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What Is a 'Superfood'?

You've heard the term before, but what makes a superfood so super?

By Allison Forsyth February 10, 2021

Image: Kari Perrin

What makes a food a "superfood"? Is it produce with vibrant colors and dark, leafy greens? Or is the term simply a marketing tactic, with foods featuring shiny labels and buzzwords like "cleansing" or "detoxifying"? According to nutritionist Mikka Knapp from Bright Body Nutrition, there is a reason why superfoods are so special and there are many more superfoods out there than you might think, hidden in plain sight at the grocery store.

"There are so many underrated superfoods that we consider everyday produce," says Knapp. "Spinach and blueberries are perfect examples. No need for fancy powders and supplements." Other common produce items that are secret superfoods include pomegranates, beets and kale, among a long list.

Over the past few years, the term "superfood" has been reserved for exotic fruits and spices, touting widespread healing abilities, like açaí, gojiberries, maca and turmeric. But what makes these foods, which tend to be more expensive, so super?

"It all has to do with the antioxidant content," says Knapp. "Superfoods are rich in antioxidants, with abilities to kill harmful free radicals in the body that contribute to cancers, heart disease and diabetes."

Scientists measure a food's antioxidant level in several ways, but the most common is the FRAP (ferric reducing ability of plasma) analysis. This system measures how well a food can neutralize harmful free radicals in the body. The higher the FRAP value, the better.

What about superfood powders? You may have seen açai, maca and chlorophyll powder on the shelves at stores, but Knapp suggests to always check the expiration date of these products and keep them refrigerated.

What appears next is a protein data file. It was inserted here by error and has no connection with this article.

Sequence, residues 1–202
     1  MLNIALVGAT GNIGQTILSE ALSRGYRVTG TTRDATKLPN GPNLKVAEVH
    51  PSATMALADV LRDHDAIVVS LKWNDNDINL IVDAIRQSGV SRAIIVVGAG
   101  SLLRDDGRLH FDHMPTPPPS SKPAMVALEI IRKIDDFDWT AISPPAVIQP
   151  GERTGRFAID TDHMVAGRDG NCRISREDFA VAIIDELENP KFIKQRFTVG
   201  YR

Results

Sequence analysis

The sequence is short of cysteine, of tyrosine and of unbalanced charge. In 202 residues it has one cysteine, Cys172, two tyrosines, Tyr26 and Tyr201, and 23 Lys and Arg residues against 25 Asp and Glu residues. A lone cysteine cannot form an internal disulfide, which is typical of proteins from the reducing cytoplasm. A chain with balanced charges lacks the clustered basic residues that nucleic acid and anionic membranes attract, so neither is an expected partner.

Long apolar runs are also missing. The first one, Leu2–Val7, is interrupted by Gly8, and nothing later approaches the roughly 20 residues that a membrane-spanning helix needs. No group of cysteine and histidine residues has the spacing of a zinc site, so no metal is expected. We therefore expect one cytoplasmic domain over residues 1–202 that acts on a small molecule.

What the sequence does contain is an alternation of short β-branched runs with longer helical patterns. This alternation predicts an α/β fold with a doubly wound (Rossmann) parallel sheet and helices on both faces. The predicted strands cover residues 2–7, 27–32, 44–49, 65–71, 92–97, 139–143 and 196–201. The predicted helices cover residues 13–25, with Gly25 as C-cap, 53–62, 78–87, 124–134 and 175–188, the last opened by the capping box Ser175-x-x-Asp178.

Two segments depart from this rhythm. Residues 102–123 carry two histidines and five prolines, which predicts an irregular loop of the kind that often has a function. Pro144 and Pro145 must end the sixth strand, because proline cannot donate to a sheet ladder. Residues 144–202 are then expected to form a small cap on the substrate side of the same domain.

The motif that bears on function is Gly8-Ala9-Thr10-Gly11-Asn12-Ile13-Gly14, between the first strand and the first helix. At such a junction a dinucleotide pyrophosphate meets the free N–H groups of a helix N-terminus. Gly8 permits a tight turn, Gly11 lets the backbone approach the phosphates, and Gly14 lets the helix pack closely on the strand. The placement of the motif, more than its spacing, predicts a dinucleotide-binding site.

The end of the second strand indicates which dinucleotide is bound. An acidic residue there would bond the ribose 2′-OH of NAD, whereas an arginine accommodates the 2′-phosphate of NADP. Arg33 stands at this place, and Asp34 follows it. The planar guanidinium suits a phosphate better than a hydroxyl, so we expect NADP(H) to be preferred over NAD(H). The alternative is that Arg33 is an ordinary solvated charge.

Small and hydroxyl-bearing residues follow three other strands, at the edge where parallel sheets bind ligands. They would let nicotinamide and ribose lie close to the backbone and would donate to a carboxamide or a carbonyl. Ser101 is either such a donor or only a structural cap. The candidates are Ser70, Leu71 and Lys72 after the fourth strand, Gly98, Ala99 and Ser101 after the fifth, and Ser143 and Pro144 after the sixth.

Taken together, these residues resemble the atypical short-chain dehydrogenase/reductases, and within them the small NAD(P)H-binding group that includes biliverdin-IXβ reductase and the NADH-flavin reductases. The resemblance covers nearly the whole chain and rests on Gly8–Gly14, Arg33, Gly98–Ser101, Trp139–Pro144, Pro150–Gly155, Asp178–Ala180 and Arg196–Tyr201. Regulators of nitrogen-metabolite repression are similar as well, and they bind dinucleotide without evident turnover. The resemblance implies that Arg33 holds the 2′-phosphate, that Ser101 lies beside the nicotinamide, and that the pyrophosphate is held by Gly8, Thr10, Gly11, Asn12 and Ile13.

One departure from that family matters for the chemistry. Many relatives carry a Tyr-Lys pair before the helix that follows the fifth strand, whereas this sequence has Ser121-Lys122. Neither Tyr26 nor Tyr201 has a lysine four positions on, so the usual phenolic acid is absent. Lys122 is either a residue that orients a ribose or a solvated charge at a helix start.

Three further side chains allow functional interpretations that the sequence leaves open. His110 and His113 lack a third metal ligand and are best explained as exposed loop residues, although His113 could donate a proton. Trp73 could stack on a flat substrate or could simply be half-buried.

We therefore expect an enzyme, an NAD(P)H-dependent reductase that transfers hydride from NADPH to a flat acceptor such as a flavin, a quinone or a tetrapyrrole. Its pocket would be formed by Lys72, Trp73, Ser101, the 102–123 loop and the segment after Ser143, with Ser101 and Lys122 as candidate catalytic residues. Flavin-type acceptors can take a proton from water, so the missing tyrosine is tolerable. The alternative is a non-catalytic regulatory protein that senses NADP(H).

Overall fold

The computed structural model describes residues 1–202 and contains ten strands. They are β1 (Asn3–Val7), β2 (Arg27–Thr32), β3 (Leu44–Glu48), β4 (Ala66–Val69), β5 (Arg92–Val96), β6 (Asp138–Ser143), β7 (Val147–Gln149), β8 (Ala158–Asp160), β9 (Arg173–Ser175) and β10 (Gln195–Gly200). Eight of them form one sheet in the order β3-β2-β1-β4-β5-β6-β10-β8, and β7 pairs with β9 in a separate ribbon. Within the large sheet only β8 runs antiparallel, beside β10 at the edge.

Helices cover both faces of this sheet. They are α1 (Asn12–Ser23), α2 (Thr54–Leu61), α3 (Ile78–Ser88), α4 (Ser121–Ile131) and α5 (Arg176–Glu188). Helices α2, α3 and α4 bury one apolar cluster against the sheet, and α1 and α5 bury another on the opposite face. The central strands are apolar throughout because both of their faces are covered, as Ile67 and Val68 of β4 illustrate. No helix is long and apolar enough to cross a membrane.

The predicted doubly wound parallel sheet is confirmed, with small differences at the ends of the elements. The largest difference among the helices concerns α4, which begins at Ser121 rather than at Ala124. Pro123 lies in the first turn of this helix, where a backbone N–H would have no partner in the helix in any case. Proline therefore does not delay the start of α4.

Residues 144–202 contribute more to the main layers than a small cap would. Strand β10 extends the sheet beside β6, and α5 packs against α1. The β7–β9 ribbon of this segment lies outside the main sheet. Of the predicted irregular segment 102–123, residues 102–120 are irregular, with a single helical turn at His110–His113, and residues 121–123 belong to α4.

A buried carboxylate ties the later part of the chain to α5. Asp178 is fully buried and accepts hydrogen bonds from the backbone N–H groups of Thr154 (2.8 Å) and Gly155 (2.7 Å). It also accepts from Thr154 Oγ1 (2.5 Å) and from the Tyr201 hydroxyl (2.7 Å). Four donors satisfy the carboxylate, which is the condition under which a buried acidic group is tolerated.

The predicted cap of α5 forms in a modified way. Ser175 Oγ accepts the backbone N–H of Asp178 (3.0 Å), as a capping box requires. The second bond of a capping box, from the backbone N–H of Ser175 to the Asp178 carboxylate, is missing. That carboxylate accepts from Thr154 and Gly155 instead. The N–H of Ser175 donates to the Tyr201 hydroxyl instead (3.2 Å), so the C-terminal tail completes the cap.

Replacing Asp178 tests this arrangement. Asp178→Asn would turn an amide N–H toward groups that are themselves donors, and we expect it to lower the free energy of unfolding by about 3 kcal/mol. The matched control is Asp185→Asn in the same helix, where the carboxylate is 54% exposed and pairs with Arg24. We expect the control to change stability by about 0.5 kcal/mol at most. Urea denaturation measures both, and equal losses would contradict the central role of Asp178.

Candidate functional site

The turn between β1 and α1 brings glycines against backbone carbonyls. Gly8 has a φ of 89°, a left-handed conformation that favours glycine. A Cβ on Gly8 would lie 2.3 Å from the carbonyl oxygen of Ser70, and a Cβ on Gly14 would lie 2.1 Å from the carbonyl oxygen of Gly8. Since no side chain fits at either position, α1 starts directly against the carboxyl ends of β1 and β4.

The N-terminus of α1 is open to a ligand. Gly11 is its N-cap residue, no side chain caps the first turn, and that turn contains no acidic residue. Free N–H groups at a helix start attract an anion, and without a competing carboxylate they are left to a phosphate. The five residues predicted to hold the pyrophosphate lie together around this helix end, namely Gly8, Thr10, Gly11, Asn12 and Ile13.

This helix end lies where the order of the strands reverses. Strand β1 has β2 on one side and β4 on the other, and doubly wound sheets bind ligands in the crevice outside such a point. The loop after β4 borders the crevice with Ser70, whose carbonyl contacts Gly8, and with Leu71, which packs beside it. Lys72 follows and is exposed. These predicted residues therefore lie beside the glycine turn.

"Chlorophyll, a type of blue-green algae in plants, provides many benefits, but you have to keep it cold or mold will grow," says Knapp. "The same goes for maca powder, a powerful Peruvian root similar to ginseng that regulates hormones, but it must be kept fresh and cold."

And what about turmeric, the powerful yellow-orange spice that flavors many dishes? Turmeric contains anti-inflammatory properties, which offer many benefits to overall health. But it also has a secret healing ingredient.

"Turmeric contains a component, curcumin, or BCM-95, which can be found in capsule form at health food stores," says Knapp. "When the curcumin is directly taken, you are receiving all the benefits of its anti-inflammatory properties."

Ultimately, superfoods can be found just about anywhere, whether you want to purchase a bunch of spinach from the produce aisle or powders from a health food shop or online. Both are equally beneficial, and provide the level of antioxidants needed to fight off disease. However, if you are on a budget, sticking to good old fruits and veggies is a safe bet.

"Superfoods can certainly become a marketing trap, if you are not careful," says Knapp. "Avoid the trendy status symbols, and consider speaking with a nutritionist if you are unsure about particular products."

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